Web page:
Here’s the game’s title screen, but who the hell is this man? He looks like a nightclub hypnotist with a string of restraining orders and unpaid bar tabs. The villain from a bootleg James Bond movie with a title like Target: Silverfire. A man whose YouTube channel is a fifty/fifty split between the clear intellectual superiority of atheism and pick-up artist techniques. A harsh assessment, maybe, and unfair accusations to level at someone I’ve never met, but I’d avoid him if he tried to talk to me in a bar.
Okay, so I looked it up and his name is Howie Mandel and he hosts the US version of Deal or No Deal. He seems like a decent enough bloke. He’s got an extreme irrational fear of germs, apparently to the extent that he built another house next to his house that he can live in when one of his family is sick. It’s a bloody good job for him that he’s a wealthy celebrity then, isn’t it? Otherwise he’d have to build some kind of decontamination tent out of Tesco carrier bags and packing twine. The reason I didn’t recognise Howie Mandel is that the UK version of Deal or No Deal is presented by bearded nutjob Noel Edmonds, a cosmic-ordering peddler of “magnets that cure cancer” pseudoscience bullshit and the man responsible for inflicting Mr. Blobby on an unsuspecting world. I would take Mandel over Edmonds any day of the week.

The first thing you see when you start the game is this lengthy (and unskippable) text crawl which reminds the player that, amongst other things, they’re playing a game and that no real money is involved. Well, that’s one award Deal or No Deal has in the bag: Most Patronising Videogame. It does make you wonder whether the developers have had trouble with this situation before, though. Maybe they knocked out a Who Wants to be a Millionaire game and people kept turning up at their offices with photocopies of their GBA screens and demands for a massive cheque.

You know when I said Howie Mandel looks like a Bond villain? Yeah. A villain who wants revenge on 007 for supergluing his fingers together. “No, Mr. Bond, I expect you to fetch me a bottle of nail polish remover.”

Howie then unleashes his rather unnerving army of faceless mannequins, each of them carrying a numbered case. He refers to them as his “26 better halves,” which by my calculations means there are thirteen and a half Howie Mandels out there. That seems like too many Mandels for one planet to sustain.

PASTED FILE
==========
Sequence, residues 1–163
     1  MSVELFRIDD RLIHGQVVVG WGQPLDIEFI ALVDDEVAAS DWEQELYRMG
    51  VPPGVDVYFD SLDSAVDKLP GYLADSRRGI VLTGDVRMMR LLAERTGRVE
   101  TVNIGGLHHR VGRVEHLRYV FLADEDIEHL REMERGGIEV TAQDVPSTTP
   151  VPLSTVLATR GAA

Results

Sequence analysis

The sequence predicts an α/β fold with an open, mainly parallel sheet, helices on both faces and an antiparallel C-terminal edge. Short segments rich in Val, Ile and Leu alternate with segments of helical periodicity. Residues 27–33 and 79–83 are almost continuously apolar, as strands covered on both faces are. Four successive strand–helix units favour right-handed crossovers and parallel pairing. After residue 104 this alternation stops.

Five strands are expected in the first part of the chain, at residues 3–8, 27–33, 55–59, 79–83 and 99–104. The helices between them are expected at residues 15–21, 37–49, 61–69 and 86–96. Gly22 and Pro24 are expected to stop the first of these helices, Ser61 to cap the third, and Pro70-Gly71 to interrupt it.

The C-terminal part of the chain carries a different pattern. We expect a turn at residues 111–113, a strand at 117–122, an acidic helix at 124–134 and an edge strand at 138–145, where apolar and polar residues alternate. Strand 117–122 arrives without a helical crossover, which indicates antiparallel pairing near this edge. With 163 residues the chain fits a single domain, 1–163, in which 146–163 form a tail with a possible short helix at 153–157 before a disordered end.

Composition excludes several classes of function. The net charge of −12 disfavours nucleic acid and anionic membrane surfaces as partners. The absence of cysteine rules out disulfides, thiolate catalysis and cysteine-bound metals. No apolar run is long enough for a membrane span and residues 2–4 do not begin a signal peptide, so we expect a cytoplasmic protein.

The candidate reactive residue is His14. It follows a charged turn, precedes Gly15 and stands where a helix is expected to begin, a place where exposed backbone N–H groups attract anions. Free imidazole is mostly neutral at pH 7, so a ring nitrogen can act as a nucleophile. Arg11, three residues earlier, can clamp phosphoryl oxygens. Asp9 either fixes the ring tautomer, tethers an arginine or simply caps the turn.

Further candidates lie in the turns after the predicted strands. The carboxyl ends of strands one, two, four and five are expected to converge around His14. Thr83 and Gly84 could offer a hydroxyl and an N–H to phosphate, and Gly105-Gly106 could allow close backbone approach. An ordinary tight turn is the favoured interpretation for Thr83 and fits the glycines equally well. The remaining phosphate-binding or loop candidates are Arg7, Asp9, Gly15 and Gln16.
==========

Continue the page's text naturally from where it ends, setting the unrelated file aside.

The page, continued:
Now I have to pick a case. I went for number thirteen in defiance of superstition, and because I felt sorry for lady number thirteen because she doesn’t quite fit on the screen. Deal or No Deal is a good illustration of the differences between the cultures of the USA and Britain: the US version has shiny metal cases presented by a group of glamorous women, where as in the British Deal or No Deal the boxes are plain red cubes controlled by bog-standard members of the public. We are but a simple island nation, after all.

So, how does Deal or No Deal work, then? Essentially, it’s a guessing game. Each case contains a cash value, and your goal is to leave with as much money as possible. What happens is that you pick some cases to open, and the cash values contained within are eliminated from the game. After a while, the mysterious banker will call you on a special telephone and make you an offer, based on the values still in play. So, you want to eliminate the lowest values first, pushing up the average of the remaining values so that the banker offers you a more lucrative deal. Or you can just open all the cases and stick with what’s in the case you chose if you’re feeling especially brave. Showing the lack of imagination that’s plagued me for my entire life, I elected to start with case number one.

Well, that couldn’t have gone much better, could it? The lowest possible value, eliminated with my first pick. The banker must be bricking it.

And so on it goes, with the player picking six boxes to open in the first round and enjoying – sorry, enduring – the case-opening animation every time. I’m going to go out on a limb and say that the person responsible for this game’s graphics did not work as hard as perhaps they might have. I mean, it’s a videogame, you’re freed from the restrictions of television and limited only by your imagination! Instead of a case, you could have placed the number inside the abdomen of a giant space lizard and had an astro-barbarian hack his way to the number with his laser-axe. Okay, that’s just a first draft, but you get the idea. If I’d wanted to see this many cases being opened I’d have applied for a job at airport security.

The first round is over, and it went rather well. All the biggest numbers are still in play, so I’m in line for a good result. Time to hear the banker’s offer, then.

That’s one heck of a telephone, arriving in 2007 after a time-portal opened up during the filming of a Duran Duran video. I would unashamedly have that telephone in my house.